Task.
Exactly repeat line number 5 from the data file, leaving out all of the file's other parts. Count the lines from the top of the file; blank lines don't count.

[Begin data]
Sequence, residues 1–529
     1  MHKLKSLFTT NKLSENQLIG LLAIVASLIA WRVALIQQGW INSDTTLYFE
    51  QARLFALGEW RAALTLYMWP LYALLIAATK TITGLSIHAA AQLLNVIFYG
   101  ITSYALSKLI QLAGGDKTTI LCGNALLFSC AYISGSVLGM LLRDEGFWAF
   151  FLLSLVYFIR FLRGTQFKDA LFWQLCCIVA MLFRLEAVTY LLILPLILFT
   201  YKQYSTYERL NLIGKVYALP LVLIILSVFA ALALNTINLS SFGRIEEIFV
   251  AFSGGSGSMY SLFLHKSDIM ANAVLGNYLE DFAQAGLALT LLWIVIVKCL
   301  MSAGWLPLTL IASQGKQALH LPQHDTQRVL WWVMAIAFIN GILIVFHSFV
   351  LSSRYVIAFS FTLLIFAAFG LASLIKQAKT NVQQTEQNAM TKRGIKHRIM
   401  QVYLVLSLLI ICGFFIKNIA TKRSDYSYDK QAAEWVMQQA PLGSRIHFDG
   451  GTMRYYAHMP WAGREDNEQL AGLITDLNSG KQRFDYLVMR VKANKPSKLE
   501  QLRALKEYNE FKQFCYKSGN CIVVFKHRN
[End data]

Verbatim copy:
   151  FLLSLVYFIR FLRGTQFKDA LFWQLCCIVA MLFRLEAVTY LLILPLILFT